The Ammons Law Firm, together with co-counsel Michael Callahan, successfully negotiated the settlement of a product liability case against Honda and Takata brought on behalf of two minor children of a 35-year-old Texas man who bled to death after the inflator in his Honda Accord’s front air bag shot a piece of metal into his neck, slicing through his jugular vein and carotid artery.
In the lawsuit, it was alleged that the Accord’s driver side frontal air bag was defective and unreasonably dangerous because, in the event of a deployment, its defective inflator produces excessive internal pressure that causes it to explode into pieces. According to Ammons, Takata uses ammonium nitrate—the same explosive material Timothy McVey used in the Oklahoma City Bombing—as a propellant in the subject air bags while no other air bag manufacturer uses that chemical. Due to the excessive pressure, metal fragments can be propelled toward the driver with such force that they penetrate the air bag cushion and strike the driver. In this particular case, a large piece of metal shot through the air bag cloth and into the young man’s neck. Here is a picture of the ruptured air bag.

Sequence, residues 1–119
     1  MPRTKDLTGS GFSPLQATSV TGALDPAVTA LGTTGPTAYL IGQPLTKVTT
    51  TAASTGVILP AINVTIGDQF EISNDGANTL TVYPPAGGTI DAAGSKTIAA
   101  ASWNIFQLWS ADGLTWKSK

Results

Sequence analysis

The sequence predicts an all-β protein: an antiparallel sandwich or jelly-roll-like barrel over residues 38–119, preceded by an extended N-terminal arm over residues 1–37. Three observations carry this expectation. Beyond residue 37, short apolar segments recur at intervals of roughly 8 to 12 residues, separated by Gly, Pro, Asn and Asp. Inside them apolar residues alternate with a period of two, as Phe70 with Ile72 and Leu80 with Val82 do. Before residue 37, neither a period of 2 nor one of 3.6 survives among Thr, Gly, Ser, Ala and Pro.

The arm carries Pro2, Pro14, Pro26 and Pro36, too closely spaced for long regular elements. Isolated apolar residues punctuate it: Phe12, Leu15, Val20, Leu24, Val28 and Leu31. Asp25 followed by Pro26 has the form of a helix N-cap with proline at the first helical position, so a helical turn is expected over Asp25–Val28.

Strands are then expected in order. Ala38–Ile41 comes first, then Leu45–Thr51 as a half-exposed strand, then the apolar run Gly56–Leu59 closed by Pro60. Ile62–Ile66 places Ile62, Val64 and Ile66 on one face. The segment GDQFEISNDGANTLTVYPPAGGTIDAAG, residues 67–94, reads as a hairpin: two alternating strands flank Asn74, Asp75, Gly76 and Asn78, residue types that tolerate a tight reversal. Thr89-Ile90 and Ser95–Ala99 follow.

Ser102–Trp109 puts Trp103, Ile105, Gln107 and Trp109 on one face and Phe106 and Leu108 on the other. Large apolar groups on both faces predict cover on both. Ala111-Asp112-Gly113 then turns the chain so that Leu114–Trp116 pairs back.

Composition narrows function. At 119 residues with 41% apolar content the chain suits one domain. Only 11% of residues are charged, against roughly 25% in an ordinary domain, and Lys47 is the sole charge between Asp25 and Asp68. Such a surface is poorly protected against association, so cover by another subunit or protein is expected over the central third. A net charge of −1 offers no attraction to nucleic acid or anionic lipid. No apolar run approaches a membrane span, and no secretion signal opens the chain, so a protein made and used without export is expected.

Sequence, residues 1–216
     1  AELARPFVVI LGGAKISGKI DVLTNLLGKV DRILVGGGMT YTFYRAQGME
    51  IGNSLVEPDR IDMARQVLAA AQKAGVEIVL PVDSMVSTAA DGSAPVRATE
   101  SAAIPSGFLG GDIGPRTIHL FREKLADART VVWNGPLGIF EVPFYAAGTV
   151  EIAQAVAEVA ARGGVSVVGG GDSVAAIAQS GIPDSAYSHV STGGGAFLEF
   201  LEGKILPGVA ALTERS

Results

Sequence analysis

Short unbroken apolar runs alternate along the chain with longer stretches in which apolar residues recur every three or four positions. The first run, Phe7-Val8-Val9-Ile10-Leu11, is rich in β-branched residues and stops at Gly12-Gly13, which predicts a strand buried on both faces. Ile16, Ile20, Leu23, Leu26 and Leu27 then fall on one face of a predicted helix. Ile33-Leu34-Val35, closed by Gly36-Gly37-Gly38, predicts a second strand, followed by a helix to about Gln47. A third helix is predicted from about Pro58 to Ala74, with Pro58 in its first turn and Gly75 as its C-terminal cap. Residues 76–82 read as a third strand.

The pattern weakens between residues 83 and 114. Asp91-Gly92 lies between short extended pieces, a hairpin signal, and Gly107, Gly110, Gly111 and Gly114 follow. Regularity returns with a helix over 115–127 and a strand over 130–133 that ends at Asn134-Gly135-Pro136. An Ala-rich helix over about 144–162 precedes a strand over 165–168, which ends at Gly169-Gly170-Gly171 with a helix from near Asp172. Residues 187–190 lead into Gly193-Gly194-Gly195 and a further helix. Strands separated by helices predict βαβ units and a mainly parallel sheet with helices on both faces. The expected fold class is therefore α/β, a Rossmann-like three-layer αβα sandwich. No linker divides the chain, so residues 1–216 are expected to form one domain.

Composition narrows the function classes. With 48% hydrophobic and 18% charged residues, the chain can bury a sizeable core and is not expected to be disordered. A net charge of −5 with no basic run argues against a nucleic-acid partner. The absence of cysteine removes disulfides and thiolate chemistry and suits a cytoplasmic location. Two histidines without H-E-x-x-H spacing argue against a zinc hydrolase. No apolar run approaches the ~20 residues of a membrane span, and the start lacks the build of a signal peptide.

Ammons alleged that Honda and Takata knew of the inflator problem long before doing anything to address it. According to Ammons, these manufacturers’ investigation and response were dilatory, unacceptably limited and far from transparent. While from 2008 to 2013, defective air bags like those in the 2002 Accord were the subject of several recalls, many vehicles—like the one that killed this unfortunate victim—were either not included or the owners were not notified of such recalls until it was too late.
Rob Ammons is Board Certified in Personal Injury Trial Law by the Texas Board of Legal Specialization, in addition to being Board Certified in Civil Law by the National Board of Trial Advocacy.
The Ammons Law Firm has a nationwide personal injury practice focusing on tire defects, truck accidents, rollovers, consumer protection and product liability, catastrophic injury, wrongful death, post-collision fires, seat belt defects, air bag defects and plant explosions.